You can review the whole Dish debate so far here. A half-dozen readers below are pro-torrenting to some extent or another. The first:
Loving the thread on torrenting. I was about to write my thoughts on it, but I’m lazy and this cartoon from The Oatmeal basically sums it all up anyway.
You seem to have had a dearth of confessed pirates who aren’t total dicks, so I thought I’d write in. Like a lot of your other readers, I’m a Netflix and Amazon Prime subscriber (and Dish subscriber from day one!), a cable subscriber, and I’m really looking forward to HBO’s standalone Go service.
Nonetheless, I pirate. But I’m an ethical pirate, in that I only pirate media that are out of print or have not been distributed in the U.S. I mainly consume foreign TV shows that are not distributed here, or have no imminent distribution planned. For example, I used to pirate Doctor Who until BBC America finally got on the stick and offered a day and date release for the last few seasons. Until then, it was a six-month wait to see it, and spoilers abounded by then. U.K. shows are increasingly getting distributed here, but there’s a ton of other quality programming produced in Europe that never gets distributed in the U.S. And some of the shows that eventually surface are exclusive to one carrier, like Black Mirror, which showed up on DirecTV two years after it aired on Channel 4.
Another zooms out:
Art is not some onerous task that nobody wants to do unless you bribe them with enough money. There are zillions of creative people who are already longing to make art. The relevance of money is not to motivate them to make art – as if artists are a bunch of pissy John Galts threatening to take their toys and go home – rather, it is to enable them to do what they already want to do anyway.
I saw this all the time in my days as a starving artist.
Artists who can afford to make art will do it; artists who can’t won’t. But there’s more than one way to make an artist’s life affordable. One is to make sure that payment and royalties find their way back to the artist, but another more effective way is simply to make art a less expensive proposition. Technology is doing that. Today there is more music, literature, visual art, etc, being produced and made available than ever before in history. The reason is that you no longer need your own recording studio or printing press to make it, and you no longer need an elaborate distribution and marketing program to get it out there.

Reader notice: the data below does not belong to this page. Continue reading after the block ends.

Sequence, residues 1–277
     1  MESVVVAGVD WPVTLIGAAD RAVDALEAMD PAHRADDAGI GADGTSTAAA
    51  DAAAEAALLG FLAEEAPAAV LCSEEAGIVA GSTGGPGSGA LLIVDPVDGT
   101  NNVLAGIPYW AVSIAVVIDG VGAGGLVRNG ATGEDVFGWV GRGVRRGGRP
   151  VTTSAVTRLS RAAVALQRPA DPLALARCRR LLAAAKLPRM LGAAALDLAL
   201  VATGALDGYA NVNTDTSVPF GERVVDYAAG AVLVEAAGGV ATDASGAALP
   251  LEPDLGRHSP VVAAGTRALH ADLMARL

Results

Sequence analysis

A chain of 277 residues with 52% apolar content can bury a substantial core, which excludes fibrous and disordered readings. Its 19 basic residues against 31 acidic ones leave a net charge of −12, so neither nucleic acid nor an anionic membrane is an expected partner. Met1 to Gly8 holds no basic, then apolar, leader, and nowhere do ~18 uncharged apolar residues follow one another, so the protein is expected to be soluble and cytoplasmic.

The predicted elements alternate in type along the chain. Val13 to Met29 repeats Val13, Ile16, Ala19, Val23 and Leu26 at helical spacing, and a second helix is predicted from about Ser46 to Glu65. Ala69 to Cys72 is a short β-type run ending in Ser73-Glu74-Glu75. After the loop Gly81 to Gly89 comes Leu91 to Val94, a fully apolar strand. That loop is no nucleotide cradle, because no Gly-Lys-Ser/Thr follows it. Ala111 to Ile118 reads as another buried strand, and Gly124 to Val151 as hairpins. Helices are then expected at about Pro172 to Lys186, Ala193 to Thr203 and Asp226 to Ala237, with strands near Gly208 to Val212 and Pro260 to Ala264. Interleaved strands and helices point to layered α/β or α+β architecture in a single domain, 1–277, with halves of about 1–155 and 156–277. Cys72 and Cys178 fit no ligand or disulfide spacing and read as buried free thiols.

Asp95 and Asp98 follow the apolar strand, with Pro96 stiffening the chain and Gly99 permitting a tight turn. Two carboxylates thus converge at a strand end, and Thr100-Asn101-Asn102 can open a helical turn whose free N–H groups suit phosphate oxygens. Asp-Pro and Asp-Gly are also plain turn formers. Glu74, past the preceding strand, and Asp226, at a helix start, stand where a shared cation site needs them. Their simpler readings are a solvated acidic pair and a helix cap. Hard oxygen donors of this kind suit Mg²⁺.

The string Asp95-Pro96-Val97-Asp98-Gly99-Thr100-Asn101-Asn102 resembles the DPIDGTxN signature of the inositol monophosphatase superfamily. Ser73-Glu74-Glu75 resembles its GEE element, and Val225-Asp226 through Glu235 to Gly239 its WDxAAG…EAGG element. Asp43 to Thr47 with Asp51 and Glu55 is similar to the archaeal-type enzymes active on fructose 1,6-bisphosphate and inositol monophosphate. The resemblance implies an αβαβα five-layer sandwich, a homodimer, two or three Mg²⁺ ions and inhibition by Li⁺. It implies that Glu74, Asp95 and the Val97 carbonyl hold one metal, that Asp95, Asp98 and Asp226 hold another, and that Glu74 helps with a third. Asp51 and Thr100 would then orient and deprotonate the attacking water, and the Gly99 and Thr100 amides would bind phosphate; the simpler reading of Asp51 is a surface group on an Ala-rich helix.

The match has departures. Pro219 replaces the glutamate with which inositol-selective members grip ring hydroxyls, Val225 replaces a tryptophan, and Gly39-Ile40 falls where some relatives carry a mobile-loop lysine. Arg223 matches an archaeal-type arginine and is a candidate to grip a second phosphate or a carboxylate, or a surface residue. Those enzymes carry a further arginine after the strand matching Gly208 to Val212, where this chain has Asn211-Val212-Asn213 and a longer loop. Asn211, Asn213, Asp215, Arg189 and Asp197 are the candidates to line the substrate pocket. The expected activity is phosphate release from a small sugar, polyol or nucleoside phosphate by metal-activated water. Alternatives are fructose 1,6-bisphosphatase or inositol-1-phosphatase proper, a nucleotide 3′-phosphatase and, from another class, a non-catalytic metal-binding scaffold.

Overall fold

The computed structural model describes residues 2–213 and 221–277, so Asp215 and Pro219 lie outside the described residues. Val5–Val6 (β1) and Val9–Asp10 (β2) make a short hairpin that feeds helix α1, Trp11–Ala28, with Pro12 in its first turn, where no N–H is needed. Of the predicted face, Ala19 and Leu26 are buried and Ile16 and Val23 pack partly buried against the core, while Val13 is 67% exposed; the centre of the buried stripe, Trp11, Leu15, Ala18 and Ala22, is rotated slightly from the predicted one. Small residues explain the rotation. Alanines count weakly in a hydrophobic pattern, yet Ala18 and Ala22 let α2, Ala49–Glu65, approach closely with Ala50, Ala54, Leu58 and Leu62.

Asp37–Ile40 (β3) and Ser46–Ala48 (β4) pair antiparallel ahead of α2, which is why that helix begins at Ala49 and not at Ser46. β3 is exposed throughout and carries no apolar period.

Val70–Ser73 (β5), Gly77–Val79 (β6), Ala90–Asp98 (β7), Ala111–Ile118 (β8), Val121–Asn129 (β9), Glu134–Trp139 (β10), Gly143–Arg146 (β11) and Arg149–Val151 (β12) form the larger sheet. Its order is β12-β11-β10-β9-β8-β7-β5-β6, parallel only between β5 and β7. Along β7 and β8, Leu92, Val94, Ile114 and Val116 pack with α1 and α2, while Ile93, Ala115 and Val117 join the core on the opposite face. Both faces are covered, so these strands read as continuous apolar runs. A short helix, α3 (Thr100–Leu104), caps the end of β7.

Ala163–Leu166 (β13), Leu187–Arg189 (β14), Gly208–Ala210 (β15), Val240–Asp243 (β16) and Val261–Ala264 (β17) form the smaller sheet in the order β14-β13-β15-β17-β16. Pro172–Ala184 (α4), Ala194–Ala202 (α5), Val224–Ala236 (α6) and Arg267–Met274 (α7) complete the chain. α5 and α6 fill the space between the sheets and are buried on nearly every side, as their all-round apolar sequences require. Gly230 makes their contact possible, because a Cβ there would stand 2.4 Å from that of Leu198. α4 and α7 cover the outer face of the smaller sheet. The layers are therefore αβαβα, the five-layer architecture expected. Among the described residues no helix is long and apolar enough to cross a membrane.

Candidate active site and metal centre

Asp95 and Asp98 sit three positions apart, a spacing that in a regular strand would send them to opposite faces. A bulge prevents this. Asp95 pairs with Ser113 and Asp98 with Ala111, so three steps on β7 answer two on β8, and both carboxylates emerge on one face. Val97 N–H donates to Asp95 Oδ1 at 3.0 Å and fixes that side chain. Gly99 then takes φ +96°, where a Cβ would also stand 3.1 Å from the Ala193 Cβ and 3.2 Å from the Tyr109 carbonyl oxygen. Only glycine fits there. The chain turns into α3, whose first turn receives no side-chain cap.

Another is on the same page:
What follows here is NOT a moral judgment, or a judgment of value. It is simply to state that, with the Internet, many things are changing dramatically and we may be incapable to stop that change, for good or bad.
Let me use a metaphor related to what the IP lawyer wrote. Let’s suppose I am an sculptor, and I make a really beautiful sculpture, and then I put said sculpture in a public park. Then, from everybody that passes by and looks at it, I say: “Hey, you DID see that sculpture, now you should pay some money for that, after all I do deserve a compensation for my work! And if you don’t pay, I’ll sue you!” Everybody would just laugh at me. Well, the fact is that now we all live in the world’s largest public park. It is called the Internet.
You don’t want your movie to be pirated? Very simple: make it in celluloid. And only make copies in celluloid. There, problem solved.
The fact of the matter is that, once you go digital, there is simply no way to keep your artwork out of the Internet. Some people are counting on Digital Rights Management (DRM) as being the savior. However, I work with DRM, and I can say from first hand experience that DRM only gives you a brief interval before a digital artwork reaches the Internet for free anyway. Major corporations are putting billions of dollars in coming up with more and more elaborate DRM schemes, and still piracy thrives.
The only thing I know for sure is that trying to put the Internet genie back in the bottle is impossible. We will just have to create a new mindset for the Internet age.